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'Inescapable': A riff on 'Taken'
James Rocchi, Special to MSN Movies

A lower-budget, higher-fiber riff on Liam Neeson's "Taken," combining both gun-in-the-hand peril and earnestness-in-the-heart family drama, "Inescapable" is a prime example of why there are so many bad thrillers, in that providing thrills on-screen in a consistent, intelligent, satisfying way is in fact much tougher than it looks. Writer-director Ruba Nadda has all the elements here, but the film's plotting (and budget) means that it doesn't have a lot of adrenaline until the finale, and it's hard to imagine audiences being willing to stick with its plodding movements until then.

"Inescapable" starts with the ordinary life of Torontonian Adib Abdel Kareem (Alexander Siddig of "Syriana" and "Deep Space Nine"), but as he helps a co-worker with a locked desk drawer by picking it with a unbent paper clip ("a misspent youth," he notes with a smile), we get the idea that he has, in Liam Neeson's growling words, "a highly specialized set of skills." He's then told that his photographer daughter, Muna (Jay Anstey), whom he thought was in Greece, is actually in Damascus, in Kareem's homeland of Syria -- and that she's disappeared. Kareem is terrified, and with good reason. Decades ago, he was in Syrian Military Intelligence, and he left everything behind -- a fiancée, his family, his life -- to emigrate to Canada and, yes, survive. Again, just as in "Taken," Kareem gave his family instructions to never, ever, go to Syria -- and his daughter, of course, ignores his very specific and reasonable travel advice. So Kareem is on the next plane, appealing to his ex-fiancée, Fatima (Marisa Tomei, with too much eye shadow and weirdly aspirated "h"-sounds), to help him cross the border to find his daughter.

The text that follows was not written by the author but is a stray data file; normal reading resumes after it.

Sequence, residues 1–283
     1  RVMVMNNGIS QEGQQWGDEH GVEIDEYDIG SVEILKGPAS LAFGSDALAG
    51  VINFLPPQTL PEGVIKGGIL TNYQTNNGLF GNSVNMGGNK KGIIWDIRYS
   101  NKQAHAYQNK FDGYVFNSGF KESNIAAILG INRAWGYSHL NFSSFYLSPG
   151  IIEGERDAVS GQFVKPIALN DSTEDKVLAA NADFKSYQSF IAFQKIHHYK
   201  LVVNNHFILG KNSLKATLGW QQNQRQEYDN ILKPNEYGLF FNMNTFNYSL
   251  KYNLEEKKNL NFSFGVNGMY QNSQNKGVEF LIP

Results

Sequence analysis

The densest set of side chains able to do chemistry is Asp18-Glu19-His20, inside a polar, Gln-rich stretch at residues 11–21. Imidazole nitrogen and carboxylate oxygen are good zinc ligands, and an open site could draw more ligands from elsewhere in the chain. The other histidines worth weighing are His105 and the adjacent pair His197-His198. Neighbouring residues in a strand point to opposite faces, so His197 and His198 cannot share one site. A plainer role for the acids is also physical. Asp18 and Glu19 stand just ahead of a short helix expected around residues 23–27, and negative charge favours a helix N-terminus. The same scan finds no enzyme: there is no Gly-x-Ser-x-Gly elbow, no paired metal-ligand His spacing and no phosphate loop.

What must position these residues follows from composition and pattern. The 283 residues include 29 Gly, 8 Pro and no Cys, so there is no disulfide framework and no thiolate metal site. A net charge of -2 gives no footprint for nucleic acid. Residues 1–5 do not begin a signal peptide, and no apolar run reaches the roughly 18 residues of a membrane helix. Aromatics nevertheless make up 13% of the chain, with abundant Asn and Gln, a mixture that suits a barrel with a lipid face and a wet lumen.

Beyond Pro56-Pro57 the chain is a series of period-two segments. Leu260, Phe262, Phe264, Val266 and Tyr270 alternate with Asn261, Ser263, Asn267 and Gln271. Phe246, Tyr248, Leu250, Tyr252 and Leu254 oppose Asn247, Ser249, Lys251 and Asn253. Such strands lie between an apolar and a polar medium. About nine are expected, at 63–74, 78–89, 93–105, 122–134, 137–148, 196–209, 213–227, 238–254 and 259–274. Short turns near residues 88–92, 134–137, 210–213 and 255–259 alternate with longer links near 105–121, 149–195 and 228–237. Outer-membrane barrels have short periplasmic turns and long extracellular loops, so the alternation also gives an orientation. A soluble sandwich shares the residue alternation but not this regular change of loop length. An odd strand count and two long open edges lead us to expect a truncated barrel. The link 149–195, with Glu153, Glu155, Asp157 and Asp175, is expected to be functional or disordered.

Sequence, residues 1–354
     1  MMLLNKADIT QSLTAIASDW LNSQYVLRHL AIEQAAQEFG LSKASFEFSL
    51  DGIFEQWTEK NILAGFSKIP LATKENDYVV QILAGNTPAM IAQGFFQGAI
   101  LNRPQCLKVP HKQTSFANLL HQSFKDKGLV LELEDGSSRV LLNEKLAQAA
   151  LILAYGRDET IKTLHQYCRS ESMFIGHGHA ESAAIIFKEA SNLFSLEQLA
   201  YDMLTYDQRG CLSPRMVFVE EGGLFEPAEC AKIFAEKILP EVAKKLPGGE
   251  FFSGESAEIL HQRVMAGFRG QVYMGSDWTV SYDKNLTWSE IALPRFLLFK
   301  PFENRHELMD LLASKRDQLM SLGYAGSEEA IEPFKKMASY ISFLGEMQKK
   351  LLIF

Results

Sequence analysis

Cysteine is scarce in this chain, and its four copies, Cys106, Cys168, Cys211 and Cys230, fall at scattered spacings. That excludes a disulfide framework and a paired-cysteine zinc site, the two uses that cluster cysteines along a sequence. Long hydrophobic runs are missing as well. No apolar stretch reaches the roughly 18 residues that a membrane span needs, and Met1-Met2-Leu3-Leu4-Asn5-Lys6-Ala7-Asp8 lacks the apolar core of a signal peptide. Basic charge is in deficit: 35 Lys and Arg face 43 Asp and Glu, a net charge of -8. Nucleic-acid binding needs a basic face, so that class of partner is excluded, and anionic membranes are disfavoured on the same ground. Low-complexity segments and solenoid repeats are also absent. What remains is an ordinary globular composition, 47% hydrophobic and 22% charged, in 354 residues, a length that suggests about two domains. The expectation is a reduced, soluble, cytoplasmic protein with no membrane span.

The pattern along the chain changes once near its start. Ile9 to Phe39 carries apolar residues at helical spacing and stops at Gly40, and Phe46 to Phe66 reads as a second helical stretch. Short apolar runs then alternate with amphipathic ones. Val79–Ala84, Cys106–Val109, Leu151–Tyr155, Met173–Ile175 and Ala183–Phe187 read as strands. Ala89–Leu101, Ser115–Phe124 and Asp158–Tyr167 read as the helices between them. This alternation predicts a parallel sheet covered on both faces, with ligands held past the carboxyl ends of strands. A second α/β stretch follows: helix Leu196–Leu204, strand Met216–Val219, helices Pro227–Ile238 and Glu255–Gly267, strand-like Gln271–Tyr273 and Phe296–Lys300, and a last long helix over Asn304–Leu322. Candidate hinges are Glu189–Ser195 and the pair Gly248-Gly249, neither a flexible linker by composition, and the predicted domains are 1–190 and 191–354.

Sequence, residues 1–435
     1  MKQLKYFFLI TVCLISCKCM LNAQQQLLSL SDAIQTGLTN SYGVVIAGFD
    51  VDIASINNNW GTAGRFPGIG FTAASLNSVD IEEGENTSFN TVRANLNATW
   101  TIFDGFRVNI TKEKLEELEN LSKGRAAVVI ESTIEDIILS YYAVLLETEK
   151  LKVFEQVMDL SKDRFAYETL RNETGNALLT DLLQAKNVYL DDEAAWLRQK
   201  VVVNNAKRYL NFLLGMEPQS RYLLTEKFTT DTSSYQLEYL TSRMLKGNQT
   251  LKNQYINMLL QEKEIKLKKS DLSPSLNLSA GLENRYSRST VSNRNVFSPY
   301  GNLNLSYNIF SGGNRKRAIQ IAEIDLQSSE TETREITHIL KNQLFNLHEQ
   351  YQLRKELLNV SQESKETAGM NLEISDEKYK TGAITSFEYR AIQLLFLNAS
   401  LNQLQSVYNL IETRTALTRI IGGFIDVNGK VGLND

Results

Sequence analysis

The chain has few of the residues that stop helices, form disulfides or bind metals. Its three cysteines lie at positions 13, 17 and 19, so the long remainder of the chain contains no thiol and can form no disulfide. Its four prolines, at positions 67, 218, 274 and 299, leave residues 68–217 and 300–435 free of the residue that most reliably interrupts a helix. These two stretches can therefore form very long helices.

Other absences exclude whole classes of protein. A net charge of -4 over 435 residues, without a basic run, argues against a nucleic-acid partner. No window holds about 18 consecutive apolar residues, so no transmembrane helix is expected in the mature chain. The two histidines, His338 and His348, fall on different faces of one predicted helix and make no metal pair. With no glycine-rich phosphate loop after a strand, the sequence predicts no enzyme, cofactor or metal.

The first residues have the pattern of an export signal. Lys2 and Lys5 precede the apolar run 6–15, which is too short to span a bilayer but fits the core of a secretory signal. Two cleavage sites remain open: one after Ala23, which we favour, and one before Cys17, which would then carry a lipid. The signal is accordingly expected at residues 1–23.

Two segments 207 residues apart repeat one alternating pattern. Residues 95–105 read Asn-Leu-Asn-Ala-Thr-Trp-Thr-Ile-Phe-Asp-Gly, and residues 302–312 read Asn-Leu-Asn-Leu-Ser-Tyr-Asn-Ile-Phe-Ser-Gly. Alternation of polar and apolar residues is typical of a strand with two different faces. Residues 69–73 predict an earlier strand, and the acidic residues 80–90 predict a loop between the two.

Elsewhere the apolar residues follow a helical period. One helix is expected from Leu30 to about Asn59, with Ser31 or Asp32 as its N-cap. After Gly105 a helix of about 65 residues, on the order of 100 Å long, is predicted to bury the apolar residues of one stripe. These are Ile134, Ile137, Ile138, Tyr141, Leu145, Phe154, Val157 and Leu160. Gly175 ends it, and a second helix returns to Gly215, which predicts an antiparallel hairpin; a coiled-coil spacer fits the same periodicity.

With cinematography by Luc Montpellier -- who shot "Take This Waltz" and "Away From Her," as well as Nadda's previous "Cairo Time" -- "Inescapable" is attractively shot, with South Africa doubling for Syria, even if the production design itself looks a little shabby. Siddig is a likable lead, even if he doesn't get to bring the noise and/or throat-punching until late in the game, and Joshua Jackson and Oded Fehr also help bolster the film as, respectively, a Canadian consular official and Kareem's old associate in Syrian Military Intelligence, both with deeper links to the circumstance.

It seems unfair to criticize "Inescapable" for taking more time talking than fighting -- but, then again, it's selling itself with a poster of Siddig's character holding a gun, not holding a conversation. It's also hard to feel much sympathy for Kareem having his life in Canada torn away from him by events when we never really get to see it beyond a few glimpses. Many of the usual thriller missteps are here in Nadda's direction and script as well: but-why-would-they-do-that actions, offscreen scenes revealing incredibly pertinent information, clunky exposition. (At one point, Fatima says to Kareem, "Nothing has changed here; there are 15 different Secret Police Agencies. ... You know this." Well, if she knows he knows, why tell him?)

But at the same time, "Inescapable" attempts to accomplish a few things most thrillers don't: making its bad guys into characters, treating its good guys as fallible and capable of mistakes, turning a nation that could have been window dressing into a real and vital place with human beings, not just extras, living there. It's easy enough to see "Inescapable" as a cheaper, more earnest, less punch-driven -- or, briefly, Canadian -- version of "Taken"; it's just too bad that Nadda's film's action and thrills aren't taken far enough to make a real impression.

James Rocchi has written reviews and articles for print and online publications, including Total Film Magazine, the Toronto Star, IndieWire's The Playlist, Mother Jones, and He's covered film festivals including Sundance, Cannes, the Toronto International Film Festival, SXSW and Fantastic Fest. He's been an on-air reviewer for CBS-5 San Francisco and a reviewer and commentator for CNN, G4, TechTV and more. He lives in Los Angeles, which is both exactly and not at all like the movies suggest it is.

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